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- About this Course
- About this Lecturer
About this Course
In this course, Dr Miriam Dobson (University of Sheffield) explores Russia under the rule of Nikita Khrushchev, 1953-64. In the first module, we think about the usefulness of the concept of 'Khrushchev's Thaw' in describing the political climate in Russia in this period, as well as tracing Khrushchev's extraordinary journey to become supreme leader of the Soviet Union in 1953. After that, we focus on events in the period 1945-53 to understand the kinds of problems that Soviet Russia was facing when Khrushchev came to power. In the final three modules, we focus on three of Khrushchev's most important reforms: (1) his changes to the prison-camp system that led to the release of millions of prisoners (both political and otherwise); (2) his criticism of the excesses of Stalinism (and of Stalin himself) in his so-called 'Secret Speech' of February 1956; and (3) his extensive building-programme that creating new housing for millions of ordinary Russians.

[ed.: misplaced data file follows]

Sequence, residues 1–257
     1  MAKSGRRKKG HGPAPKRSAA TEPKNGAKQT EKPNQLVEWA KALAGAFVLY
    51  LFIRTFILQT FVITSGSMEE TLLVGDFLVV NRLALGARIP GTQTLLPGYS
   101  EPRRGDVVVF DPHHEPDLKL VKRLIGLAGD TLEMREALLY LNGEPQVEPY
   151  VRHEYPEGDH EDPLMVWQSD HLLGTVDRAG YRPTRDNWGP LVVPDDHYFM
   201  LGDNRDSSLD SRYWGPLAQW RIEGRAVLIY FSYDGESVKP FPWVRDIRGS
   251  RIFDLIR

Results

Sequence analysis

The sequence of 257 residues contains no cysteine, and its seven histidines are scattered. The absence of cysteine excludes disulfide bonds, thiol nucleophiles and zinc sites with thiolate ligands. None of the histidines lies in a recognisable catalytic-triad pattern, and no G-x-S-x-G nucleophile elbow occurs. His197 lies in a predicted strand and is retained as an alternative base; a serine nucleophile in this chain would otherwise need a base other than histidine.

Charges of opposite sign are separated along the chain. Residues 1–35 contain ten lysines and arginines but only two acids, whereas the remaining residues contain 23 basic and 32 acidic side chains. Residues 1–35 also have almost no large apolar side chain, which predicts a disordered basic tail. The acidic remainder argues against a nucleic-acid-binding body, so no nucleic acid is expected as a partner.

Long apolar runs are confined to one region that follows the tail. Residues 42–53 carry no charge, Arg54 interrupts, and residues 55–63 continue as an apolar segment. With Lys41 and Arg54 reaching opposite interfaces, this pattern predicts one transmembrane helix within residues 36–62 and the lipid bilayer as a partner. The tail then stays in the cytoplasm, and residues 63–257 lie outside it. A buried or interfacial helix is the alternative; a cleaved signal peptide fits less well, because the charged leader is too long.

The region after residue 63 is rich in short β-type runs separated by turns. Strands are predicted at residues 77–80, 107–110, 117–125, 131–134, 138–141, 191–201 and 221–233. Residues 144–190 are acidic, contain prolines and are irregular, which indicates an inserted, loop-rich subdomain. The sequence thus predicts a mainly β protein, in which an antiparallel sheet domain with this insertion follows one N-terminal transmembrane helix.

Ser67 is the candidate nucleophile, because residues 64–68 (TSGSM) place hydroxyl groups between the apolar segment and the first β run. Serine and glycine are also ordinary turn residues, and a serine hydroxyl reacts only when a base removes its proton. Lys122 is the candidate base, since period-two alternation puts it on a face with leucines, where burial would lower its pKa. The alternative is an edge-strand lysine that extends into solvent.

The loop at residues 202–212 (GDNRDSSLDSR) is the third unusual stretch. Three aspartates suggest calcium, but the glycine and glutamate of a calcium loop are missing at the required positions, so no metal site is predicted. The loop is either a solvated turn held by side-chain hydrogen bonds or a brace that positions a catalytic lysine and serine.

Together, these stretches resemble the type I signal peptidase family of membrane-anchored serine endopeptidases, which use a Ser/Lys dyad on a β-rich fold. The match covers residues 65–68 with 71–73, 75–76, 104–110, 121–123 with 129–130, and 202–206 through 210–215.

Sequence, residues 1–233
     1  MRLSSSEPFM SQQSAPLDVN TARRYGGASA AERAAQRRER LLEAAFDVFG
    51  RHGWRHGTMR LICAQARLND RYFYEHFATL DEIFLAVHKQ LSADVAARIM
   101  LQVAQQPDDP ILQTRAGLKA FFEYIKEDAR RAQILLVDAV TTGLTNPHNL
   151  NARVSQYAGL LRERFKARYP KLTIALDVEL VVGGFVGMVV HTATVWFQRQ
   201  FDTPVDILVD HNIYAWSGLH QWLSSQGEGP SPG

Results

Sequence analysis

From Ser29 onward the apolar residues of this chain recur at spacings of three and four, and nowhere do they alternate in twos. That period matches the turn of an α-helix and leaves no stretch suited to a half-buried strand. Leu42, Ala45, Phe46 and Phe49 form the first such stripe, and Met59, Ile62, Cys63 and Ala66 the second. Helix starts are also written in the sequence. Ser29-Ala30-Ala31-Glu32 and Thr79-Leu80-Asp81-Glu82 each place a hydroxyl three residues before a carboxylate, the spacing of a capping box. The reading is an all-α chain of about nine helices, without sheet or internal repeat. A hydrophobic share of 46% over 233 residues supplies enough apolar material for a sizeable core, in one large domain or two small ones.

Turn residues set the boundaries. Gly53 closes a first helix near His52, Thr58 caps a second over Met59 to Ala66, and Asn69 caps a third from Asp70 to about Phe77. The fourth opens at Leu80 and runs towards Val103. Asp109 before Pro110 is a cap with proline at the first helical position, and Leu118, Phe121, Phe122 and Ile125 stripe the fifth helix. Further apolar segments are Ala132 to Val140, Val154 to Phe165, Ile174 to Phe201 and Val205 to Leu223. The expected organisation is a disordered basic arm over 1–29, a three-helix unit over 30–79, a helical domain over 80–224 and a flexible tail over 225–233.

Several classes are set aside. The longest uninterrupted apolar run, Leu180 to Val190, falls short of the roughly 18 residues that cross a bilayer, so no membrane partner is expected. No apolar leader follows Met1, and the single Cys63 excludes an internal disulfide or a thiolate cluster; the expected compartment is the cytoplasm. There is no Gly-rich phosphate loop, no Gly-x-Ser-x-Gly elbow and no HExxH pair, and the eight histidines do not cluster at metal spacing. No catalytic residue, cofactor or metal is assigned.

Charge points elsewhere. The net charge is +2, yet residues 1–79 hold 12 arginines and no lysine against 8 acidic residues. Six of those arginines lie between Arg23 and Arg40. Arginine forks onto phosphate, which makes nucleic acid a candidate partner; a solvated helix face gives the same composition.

About the Lecturer
Dr Miriam Dobson is Senior Lecturer in Modern History at the University of Sheffield. Her research interests lie in the history of the Soviet Union, with a particular emphasis on the social and cultural history of post-war Russia. Her first book explored popular responses to the reforms of the Khrushchev era, in particular the massive exodus of prisoners from the Gulag. Khrushchev's Cold Summer: Gulag Returnees, Crime, and the Fate of Reform After Stalinexamined the impact of these returnees on communities and, more broadly, Soviet attempts to come to terms with the traumatic legacies of Stalin's terror.